Monday, 25 April 2016

DIY Digest - Choker in the pack

The choker's back, big this season and brilliant for adding a touch of instant hippie chic if you use ribbon or crocheted trims (think festival glamour). And the best bit? It's easy to put together in ten minutes with the right trim and a little bit of creative know-how.

You will need...


About ten minutes - tops!


Very easy

Not much else to say - this is about as straightforward as it gets.

Make it in minutes

*Leave a few centimetres of excess ribbon on either side for knotting.

Monday, 18 April 2016

Choose your marbles - how to make a DIY marbled clutch

From Acne to Edie Parker and everything in between (including the Urania Gazelli Pac Man clutch that inspired this project) the perspex box clutch never fails to make a statement and add a touch of class with a shimmer of sumptuous marble texture. The great news is that it's still on trend and super-easy to make with a touch of creativity and an eye for re-purposing. Allow me to demonstrate...

You will need...


Quite easy

A straightforward, super-short (by my standards) project but a touch of skill and patience is definitely required.


Mine took two hours but it depends on the design you use; a simpler one would be much quicker to do.

Tuesday, 12 April 2016

Couture to ribbons - how to make a DIY JW Anderson slatted top

JW Anderson's slatted chic is set to be a blinder for next season.


J.W. Anderson Ready To Wear Fall Winter 2016 London

You will need...

A top or sweatshirt (believe it or not!)


10mm jump rings x 50

4mm eyelets x 100

Eyelet punch tool


Marker or tailor's chalk

Patternmaster or graded setsquare

Long-nosed pliers


Quite easy

Can't think of anything too demanding here but getting everything perfectly neat and professional-looking can be challenging.


This took a lot longer than expected! Unfortunately, it took me somewhere between five and eight hours, although a lot of that was down to trial and error, so I'd say the actual work itself, without setbacks, would take somewhere within the region of five hours.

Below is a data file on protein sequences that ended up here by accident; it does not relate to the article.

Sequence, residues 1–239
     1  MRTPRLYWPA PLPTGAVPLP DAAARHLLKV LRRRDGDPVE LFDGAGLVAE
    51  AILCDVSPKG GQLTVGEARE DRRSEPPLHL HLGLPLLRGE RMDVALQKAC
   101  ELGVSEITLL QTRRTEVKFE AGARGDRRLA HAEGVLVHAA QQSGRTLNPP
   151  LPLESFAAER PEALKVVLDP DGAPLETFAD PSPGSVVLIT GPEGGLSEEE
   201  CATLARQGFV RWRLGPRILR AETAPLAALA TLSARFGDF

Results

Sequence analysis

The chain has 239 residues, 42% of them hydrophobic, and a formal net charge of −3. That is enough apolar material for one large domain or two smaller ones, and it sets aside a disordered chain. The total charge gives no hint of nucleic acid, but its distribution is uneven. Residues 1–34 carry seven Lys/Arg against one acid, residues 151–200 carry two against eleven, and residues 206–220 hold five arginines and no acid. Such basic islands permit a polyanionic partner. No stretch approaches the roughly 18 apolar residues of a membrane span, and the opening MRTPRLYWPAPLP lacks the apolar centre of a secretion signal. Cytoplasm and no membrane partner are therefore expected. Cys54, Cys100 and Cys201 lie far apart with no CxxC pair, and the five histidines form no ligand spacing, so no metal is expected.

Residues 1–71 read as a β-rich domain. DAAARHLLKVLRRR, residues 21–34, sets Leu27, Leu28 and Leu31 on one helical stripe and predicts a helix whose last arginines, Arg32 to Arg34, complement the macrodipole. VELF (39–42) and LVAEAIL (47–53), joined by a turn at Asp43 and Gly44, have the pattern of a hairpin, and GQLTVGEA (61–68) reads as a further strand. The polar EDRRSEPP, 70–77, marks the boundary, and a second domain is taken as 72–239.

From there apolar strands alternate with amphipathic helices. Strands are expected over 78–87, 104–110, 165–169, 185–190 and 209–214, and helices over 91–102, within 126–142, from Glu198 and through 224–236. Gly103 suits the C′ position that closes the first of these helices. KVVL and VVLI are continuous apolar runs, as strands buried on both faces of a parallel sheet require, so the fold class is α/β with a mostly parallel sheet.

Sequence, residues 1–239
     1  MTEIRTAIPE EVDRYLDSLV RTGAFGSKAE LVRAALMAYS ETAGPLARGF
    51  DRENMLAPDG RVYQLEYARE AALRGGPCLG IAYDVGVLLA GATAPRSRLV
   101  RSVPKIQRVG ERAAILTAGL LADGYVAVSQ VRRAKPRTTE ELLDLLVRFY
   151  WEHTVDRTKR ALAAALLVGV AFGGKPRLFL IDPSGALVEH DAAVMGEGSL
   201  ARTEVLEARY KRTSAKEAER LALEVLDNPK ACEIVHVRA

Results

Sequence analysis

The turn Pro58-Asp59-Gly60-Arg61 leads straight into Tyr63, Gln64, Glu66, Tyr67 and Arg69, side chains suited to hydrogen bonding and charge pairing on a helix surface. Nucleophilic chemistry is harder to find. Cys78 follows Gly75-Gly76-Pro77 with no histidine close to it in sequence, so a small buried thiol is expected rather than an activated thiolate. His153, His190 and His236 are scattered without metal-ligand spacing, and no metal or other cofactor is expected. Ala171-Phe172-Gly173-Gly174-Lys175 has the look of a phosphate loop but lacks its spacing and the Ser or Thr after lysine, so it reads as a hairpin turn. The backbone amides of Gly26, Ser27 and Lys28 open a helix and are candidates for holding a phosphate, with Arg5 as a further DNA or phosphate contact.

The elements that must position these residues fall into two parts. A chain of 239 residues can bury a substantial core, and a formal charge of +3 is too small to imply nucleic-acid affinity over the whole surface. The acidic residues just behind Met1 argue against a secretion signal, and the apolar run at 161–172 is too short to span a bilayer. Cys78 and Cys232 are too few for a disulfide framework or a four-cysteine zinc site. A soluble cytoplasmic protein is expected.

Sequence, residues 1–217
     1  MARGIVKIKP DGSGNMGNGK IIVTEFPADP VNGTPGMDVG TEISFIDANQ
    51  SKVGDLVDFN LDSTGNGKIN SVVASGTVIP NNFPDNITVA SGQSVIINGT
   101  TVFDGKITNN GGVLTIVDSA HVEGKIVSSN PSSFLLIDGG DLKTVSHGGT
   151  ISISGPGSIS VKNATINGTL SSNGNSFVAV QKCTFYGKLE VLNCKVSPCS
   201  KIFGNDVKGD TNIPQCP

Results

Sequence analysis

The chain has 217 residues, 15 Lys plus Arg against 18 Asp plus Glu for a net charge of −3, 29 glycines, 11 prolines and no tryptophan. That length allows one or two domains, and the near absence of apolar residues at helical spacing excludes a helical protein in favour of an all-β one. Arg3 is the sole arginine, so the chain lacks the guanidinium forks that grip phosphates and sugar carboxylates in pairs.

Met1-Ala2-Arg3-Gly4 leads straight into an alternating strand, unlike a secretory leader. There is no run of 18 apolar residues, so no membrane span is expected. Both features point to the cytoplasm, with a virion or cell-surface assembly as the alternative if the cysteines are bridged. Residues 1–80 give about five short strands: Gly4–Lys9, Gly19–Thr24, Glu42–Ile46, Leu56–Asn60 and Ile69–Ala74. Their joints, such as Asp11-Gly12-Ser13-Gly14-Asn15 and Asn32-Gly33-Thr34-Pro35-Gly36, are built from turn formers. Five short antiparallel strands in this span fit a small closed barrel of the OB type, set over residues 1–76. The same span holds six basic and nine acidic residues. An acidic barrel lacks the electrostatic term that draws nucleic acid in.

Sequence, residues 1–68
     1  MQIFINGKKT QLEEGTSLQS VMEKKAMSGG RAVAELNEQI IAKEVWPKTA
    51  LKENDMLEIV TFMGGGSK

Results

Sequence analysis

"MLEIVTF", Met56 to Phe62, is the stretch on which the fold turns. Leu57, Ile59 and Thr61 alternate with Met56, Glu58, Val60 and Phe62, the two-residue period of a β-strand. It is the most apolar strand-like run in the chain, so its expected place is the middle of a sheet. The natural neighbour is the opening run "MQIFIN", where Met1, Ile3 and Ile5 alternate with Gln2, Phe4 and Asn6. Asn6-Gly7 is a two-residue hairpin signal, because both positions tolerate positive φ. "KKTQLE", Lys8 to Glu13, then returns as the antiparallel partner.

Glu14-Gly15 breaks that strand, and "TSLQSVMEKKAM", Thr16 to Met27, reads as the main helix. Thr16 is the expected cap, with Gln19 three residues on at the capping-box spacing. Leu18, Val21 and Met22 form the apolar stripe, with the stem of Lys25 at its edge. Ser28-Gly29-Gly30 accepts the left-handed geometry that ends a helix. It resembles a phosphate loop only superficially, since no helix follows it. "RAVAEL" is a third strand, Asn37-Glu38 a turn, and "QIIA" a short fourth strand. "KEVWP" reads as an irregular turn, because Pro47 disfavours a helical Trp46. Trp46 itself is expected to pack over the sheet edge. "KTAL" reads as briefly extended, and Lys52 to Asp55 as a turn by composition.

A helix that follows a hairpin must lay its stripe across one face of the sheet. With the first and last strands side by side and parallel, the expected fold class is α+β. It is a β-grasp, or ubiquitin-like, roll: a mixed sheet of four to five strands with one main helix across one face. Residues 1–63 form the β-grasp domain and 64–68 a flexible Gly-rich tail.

Slat that

Turn the sweatshirt inside-out and cover the front and back with interfacing.

Decide where you want the slits to go. I set mine out at 10cm intervals across the front, using my patternmaster to measure parallel lines 6cm from each side of the top, followed by two lines for the 'edge allowance' (you'll see what I mean later on) - each 2cm apart - and repeating the process until I reached the centre. I repeated this process across the back.

Cut strips of Bondaweb to cover the edge allowance on both sides. Again, mine were 4cm wide and I wouldn't recommend making them any narrower, otherwise the eyelets may be too wide for them. Iron the Bondaweb in place.

Cut lines along the centre of the edge allowance (you should have these already marked out) with V-shaped tips at either end.

Fold the edges back on themselves, including the pointed tips at the ends, and iron them to fix them in place.

Turn the sweatshirt right-side out and punch eyelet holes, measuring them as you go along to make sure they're the same distance apart and that they line up. I set mine out at 10cm intervals. Insert eyelets. You will need to use the eyelet puncher for this part.

Finally, join the eyelets together along the slits by inserting the jump rings. After that, your sweatshirt should hopefully look like this:

Tuesday, 5 April 2016

DIY Digest: The eyelets have it

With knots, studs and eyelets bang on trend, this season, it's fair to say there's a distinct flavour of DIY in vogue - and wouldn't it be rude for me not to try it, myself? I plumped for curtain rings to add some oversized, statement eyelets to an old coat of mine. Let's just say that it you want to put some purpose into a re-purpose, you need to go beyond the standard clothing fastenings and think big. Thankfully, making such a statement couldn't be simpler.

You will need...

Sewing machine

Curtain ring tape of the right length to cover the desired area (you may want to measure first)

Curtain rings (again, the right number to cover the desired area is always helpful!)

A garment made from non-stretch fabric. Also, avoid sheer or flimsy fabrics.

Fabric scissors

Craft mount




Quite easy

It does help to be dexterous with a sewing machine, as the curtain ring tape can slip when you're trying to sew it in place, even after you've glued it down. Apart from that, it's a quick, straightforward project.



My project took about half an hour and, while it's a relatively quick and easy task, it may take you longer depending on what you want to do and the area you want to cover.


Make it hole


Place the curtain ring tape where you want your eyelets to go and stick it in place with craft mount.


The craft mount alone is unlikely to hold the tape in place, so you need to sew it down. As you can see, my eyelets ran along the bottom so I aligned the edges of the tape and my stitching with the hem. You need to be careful for this part, as the tape can slip quite easily and it's difficult to keep your stitching neat.


Finally, cut out the holes and insert the rings from the front or 'right side' of the garment. Mine just snapped in with in-built catches but you may be using slightly different rings, in which case, you simply need to follow any instructions provided (obviously, just saying!).